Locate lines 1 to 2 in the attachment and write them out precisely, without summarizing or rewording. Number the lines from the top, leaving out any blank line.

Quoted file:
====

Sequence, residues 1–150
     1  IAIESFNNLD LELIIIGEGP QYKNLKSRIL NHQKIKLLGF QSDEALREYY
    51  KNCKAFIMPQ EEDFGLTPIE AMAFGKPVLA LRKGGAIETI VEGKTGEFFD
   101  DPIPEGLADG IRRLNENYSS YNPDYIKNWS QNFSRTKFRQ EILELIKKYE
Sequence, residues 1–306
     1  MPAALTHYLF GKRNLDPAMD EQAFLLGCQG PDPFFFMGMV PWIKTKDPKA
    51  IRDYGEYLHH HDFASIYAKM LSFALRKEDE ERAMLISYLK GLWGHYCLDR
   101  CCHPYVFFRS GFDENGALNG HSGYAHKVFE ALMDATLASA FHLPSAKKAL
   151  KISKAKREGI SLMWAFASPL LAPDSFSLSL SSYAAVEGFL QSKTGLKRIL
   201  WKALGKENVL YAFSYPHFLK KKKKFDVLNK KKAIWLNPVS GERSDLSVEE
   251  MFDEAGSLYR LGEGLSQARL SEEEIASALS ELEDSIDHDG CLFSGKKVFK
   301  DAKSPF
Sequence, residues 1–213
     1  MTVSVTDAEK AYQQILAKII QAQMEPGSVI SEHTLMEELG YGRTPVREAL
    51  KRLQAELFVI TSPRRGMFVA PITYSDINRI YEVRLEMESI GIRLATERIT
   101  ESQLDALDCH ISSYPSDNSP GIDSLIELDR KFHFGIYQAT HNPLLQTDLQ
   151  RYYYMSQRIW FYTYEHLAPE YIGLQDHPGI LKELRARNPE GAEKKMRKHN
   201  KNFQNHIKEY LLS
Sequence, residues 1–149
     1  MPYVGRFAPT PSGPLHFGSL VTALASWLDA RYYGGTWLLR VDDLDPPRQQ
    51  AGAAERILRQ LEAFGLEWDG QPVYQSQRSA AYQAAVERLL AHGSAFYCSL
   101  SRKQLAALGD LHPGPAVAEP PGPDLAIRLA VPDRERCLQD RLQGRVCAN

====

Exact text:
Sequence, residues 1–150
     1  IAIESFNNLD LELIIIGEGP QYKNLKSRIL NHQKIKLLGF QSDEALREYY